When I write these emails, I try to make sure you get a good mix of things that are useful on PCs, laptops, phones and tablets. I know not everyone has one of each, so to keep it useful I include a mix.
But this time I’ve got something that can be really handy whichever you use – particularly if you use any two (or even two of the same – eg a laptop at home and a PC at work).
When you’re browsing the web, sometimes your web browser will remember things for you to make your life easier. Usually little things like when you start typing in a web address – you get as far as www.hel and it finishes it for you as www.helpfulbooks.co.uk
It works because it knows you’ve been to that site before and so there’s a good chance that’s the one you want this time (and if it isn’t, you can just keep typing and you haven’t lost out).
Similarly it might finish filling out some web forms for you or remember other bits and bobs.
But if you’ve (say) visited a website on one device (say your laptop) and then want to visit it on another one (say your phone), then the phone doesn’t know that you’ve been to that website, so can’t finish it off for you.
Except, if it’s set up right, it can.
For example, if you use Google Chrome on both devices, then you can make sure they’re both logged into your Google account and it will know that both devices are “you” and will share information between them, making life a bit easier.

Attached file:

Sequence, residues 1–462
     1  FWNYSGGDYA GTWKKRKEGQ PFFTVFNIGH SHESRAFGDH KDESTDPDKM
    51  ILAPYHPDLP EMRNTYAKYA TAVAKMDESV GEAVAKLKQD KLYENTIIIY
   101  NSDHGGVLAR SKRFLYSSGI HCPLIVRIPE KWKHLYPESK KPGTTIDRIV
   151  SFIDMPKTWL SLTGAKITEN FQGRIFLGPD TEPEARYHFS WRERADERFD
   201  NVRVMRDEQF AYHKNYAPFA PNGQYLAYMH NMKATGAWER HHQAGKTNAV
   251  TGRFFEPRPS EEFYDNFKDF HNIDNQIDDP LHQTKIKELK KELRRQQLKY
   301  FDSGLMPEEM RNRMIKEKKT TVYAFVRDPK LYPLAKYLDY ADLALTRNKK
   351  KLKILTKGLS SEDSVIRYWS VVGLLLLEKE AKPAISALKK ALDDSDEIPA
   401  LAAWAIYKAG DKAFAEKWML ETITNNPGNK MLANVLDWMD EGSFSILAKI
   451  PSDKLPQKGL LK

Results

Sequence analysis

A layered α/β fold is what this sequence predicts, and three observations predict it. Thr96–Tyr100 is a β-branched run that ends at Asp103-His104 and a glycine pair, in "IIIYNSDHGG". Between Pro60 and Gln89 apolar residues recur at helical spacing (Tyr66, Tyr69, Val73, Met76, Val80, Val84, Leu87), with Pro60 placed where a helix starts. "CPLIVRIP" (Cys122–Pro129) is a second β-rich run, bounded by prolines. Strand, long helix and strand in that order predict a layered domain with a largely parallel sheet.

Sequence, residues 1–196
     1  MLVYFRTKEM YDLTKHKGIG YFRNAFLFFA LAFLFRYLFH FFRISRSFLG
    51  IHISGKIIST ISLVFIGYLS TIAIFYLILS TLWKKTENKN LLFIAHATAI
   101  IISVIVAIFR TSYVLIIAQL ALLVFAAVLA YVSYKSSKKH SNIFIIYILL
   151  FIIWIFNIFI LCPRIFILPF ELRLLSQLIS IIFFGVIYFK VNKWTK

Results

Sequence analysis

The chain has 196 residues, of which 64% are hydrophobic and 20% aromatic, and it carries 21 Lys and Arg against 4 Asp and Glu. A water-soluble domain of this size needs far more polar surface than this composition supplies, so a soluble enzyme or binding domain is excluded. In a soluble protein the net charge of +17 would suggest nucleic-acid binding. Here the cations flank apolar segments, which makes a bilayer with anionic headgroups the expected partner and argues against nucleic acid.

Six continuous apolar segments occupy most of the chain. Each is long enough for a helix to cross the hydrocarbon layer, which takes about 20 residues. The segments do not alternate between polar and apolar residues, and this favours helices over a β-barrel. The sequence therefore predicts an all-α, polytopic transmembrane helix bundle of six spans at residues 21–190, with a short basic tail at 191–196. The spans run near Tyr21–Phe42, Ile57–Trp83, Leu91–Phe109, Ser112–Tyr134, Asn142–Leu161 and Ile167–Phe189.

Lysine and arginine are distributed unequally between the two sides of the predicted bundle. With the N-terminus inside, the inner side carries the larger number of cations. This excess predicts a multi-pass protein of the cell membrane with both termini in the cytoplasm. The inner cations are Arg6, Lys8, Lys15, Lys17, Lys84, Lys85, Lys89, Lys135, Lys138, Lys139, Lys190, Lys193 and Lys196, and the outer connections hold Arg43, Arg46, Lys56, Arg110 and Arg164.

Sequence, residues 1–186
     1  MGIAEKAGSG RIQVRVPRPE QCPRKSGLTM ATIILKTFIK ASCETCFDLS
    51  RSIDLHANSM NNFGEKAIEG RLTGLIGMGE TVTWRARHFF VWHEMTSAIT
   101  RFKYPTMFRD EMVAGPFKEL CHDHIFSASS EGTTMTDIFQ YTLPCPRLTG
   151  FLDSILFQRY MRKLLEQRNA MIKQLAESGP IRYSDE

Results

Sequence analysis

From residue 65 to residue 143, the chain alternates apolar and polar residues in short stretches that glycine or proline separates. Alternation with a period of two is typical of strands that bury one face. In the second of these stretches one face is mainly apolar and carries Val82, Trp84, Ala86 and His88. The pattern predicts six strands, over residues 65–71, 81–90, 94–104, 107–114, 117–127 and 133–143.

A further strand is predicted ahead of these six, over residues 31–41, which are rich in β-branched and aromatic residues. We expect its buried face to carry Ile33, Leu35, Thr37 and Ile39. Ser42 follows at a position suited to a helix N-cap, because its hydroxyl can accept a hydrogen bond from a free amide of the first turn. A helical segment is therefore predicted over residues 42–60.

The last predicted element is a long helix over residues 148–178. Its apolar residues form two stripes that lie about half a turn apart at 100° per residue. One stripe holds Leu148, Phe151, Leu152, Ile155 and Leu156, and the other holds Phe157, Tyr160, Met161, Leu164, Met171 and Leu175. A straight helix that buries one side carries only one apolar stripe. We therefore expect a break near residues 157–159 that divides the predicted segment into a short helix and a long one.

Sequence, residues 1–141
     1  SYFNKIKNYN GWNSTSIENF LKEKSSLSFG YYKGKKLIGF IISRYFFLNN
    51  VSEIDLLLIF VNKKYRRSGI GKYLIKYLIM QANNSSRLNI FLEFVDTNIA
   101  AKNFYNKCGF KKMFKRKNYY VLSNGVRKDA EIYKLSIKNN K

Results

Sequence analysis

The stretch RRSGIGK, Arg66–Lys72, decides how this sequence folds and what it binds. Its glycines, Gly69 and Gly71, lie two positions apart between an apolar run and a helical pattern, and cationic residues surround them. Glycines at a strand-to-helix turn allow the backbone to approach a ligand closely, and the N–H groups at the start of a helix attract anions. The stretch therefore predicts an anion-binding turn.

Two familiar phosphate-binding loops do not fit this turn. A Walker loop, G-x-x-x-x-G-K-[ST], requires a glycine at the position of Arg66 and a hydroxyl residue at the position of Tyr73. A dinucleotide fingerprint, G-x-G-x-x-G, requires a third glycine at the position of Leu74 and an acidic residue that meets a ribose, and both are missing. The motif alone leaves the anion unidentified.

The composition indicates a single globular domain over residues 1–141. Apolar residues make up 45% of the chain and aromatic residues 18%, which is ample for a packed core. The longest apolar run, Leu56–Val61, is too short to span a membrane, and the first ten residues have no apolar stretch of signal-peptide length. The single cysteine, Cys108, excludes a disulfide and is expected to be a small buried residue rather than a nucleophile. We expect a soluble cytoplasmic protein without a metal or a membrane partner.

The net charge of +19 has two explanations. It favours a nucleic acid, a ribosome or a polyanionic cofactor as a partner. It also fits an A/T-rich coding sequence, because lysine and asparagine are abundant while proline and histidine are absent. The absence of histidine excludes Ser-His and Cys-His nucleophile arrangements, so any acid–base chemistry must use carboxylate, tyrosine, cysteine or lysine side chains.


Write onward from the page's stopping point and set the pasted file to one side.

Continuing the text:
To see if you’re already signed in, you can tap or click on the settings option, usually on the top right – or go to Google’s homepage and sign in from there.
If you have an Android phone you probably already have a google account from that – but your PC or laptop or tablet may not be signed into it. If you don’t have a phone, you may still have a Google account if you’ve ever used Google docs, Google Drive, Gmail or one of their other services… or it’ll let you set one up (free) if you don’t have one – again, just go to Google’s homepage to do this.
Then once both devices are signed in, it’ll start sharing information between them.
(This can also be useful if you switch from an old laptop or other device to a new one – if you’re signed into your Google account on both, then it’ll remember the things the old one had remembered about you, so you don’t need to start from new.)
If you use a different browser on both devices (say you use Edge on a desktop PC and a laptop), then you log into the relevant account on both of those – eg for Edge it would be a Microsoft account as Edge is made by Microsoft.
Of course, I’ve been talking recently about privacy and you may not want both devices to know what each other are doing. And this is one way you can be tracked as still being you when you’re on a different device. If you’re not happy with that, you might want to go into the settings of your browsers and make sure they aren’t both signed into the same account (or to any account). Just be aware that this is only one method that can be used to tell it’s you on both devices – there are far more sophisticated methods that will still be able to be used on you.
Last time I’ll mention…
Which brings me neatly on to the Privacy book – this is the last time I plan to mention it in the newsletter so if you’ve been sitting on the fence, not sure whether to get a copy or not, now’s the time to decide one way or the other.
If you missed it, the video is here and the full information (which also lets you order a copy if you like) is here.